That’s what David told Solomon in chapter 2.
That’s what Solomon prayed in chapter 8.
That’s what God warned would happen in chapter 9.

This just says that God is doing it.

What’s really interesting is the amount of grace that is mingled in with the judgment.

It won’t happen during Solomon’s lifetime.

And he’s going to leave David’s family one tribe.

It actually turns out to be two tribes, one is pretty small and the other pretty huge. So big that the little one, Benjamin, kind of gets swallowed up in the one that the Southern kingdom becomes named after, Judah.

And it’s not because of Solomon. It’s (v.12) “for the sake of David.” We’ll come back to that in a little bit.

But as much grace as there is here, it is mostly bad news for Solomon and his family.

The kingdom will be torn away.

The Lord begins that process of judgment by sending three adversaries. Two external and one internal. V.14

“Then the LORD raised up against Solomon an adversary [literally “a satan”], Hadad the Edomite, from the royal line of Edom.

[Here’s where he came from.] Earlier when David was fighting with Edom, Joab the commander of the army, who had gone up to bury the dead, had struck down all the men in Edom. Joab and all the Israelites stayed there for six months, until they had destroyed all the men in Edom.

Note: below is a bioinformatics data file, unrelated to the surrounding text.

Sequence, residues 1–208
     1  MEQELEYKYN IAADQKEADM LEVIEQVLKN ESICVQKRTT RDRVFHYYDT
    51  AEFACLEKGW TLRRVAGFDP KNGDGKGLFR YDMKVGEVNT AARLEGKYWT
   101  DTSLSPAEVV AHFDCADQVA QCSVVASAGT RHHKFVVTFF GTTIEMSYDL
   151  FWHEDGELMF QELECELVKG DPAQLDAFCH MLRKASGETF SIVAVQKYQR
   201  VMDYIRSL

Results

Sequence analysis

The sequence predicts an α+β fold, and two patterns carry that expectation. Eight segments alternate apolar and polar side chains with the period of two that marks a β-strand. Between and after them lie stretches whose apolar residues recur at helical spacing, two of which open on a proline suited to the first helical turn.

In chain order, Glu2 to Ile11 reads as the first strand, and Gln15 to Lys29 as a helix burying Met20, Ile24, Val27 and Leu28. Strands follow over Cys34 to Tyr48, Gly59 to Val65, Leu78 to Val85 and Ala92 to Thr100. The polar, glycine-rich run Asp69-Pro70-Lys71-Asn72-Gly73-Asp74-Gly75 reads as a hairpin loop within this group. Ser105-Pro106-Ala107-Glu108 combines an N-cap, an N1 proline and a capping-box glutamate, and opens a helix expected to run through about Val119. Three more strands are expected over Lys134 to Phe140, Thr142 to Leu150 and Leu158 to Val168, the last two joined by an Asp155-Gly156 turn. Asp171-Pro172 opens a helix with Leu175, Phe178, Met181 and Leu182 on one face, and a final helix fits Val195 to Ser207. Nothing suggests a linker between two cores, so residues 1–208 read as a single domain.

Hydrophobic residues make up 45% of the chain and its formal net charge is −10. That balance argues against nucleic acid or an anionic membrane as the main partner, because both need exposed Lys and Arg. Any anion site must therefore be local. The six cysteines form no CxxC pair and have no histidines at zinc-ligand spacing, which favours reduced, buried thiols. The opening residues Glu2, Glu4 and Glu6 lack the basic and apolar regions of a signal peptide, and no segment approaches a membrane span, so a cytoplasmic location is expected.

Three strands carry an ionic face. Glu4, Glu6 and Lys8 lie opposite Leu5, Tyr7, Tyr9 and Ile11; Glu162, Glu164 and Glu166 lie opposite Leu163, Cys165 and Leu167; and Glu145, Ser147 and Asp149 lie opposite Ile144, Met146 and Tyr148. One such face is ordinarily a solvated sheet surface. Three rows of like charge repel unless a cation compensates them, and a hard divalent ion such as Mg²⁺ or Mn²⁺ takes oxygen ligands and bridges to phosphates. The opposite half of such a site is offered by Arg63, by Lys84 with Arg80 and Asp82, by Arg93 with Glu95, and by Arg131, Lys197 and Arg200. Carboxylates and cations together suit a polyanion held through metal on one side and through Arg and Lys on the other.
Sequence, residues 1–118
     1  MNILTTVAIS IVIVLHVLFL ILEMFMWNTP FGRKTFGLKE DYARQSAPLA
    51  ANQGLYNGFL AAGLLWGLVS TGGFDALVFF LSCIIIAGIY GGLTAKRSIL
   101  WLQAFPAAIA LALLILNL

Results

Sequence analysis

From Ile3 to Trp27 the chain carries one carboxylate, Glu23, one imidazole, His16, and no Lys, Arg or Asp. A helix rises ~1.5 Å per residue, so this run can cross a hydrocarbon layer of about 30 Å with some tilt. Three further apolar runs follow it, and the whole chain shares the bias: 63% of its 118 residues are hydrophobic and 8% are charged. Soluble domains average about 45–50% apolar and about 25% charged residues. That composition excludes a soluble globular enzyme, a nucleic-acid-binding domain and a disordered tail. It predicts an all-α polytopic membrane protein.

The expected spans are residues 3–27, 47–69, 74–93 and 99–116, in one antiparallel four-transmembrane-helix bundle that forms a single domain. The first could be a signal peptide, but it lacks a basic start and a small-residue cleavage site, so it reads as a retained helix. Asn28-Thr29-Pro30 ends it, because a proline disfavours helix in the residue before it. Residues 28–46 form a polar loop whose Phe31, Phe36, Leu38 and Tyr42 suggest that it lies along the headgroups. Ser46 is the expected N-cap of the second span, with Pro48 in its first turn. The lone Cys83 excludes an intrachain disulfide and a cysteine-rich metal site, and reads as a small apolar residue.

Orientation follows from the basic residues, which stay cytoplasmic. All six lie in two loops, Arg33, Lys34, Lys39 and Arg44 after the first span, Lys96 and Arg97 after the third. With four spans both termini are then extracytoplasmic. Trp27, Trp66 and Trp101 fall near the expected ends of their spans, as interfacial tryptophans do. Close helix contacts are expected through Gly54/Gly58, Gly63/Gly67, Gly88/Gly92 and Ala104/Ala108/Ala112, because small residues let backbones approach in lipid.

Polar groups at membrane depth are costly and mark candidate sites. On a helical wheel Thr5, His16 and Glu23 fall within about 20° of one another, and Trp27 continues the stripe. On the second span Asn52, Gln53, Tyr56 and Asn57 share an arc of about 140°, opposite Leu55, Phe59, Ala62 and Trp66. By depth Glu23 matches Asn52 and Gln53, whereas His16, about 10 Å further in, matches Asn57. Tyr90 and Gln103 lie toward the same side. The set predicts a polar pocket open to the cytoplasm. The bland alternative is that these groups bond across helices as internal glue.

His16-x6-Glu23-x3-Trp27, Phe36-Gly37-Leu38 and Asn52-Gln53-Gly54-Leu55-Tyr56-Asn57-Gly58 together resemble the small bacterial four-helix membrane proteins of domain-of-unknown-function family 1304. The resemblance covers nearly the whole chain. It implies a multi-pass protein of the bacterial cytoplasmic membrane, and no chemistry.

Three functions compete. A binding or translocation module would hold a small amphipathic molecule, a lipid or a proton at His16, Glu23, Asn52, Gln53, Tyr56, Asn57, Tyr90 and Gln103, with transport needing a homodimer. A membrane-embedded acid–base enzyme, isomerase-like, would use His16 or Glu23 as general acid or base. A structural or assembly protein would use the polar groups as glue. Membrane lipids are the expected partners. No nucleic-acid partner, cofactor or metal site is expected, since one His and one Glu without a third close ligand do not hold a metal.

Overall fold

But Hadad, still only a boy, fled to Egypt with some Edomite officials who had served his father. They set out from Midian and went to Paran. Then taking men from Paran with them, they went to Egypt, to Pharaoh king of Egypt, who gave Hadad a house and land and provided him with food.

Pharaoh was so pleased with Hadad that he gave him a sister of his own wife, Queen Tahpenes, in marriage. he sister of Tahpenes bore him a son named Genubath, whom Tahpenes brought up in the royal palace. There Genubath lived with Pharaoh's own children.”

Do you get the picture?

Who does this guy sound like?  He sounds like Moses to me. He’s like an anti-Moses.

This guy grows up in what household?

The household of Solomon’s father-in-law?

How is that alliance working out for you, Solomon? V.21

“While he was in Egypt, Hadad heard that David rested with his fathers and that Joab the commander of the army was also dead. Then Hadad said to Pharaoh, ‘Let me go, that I may return to my own country.’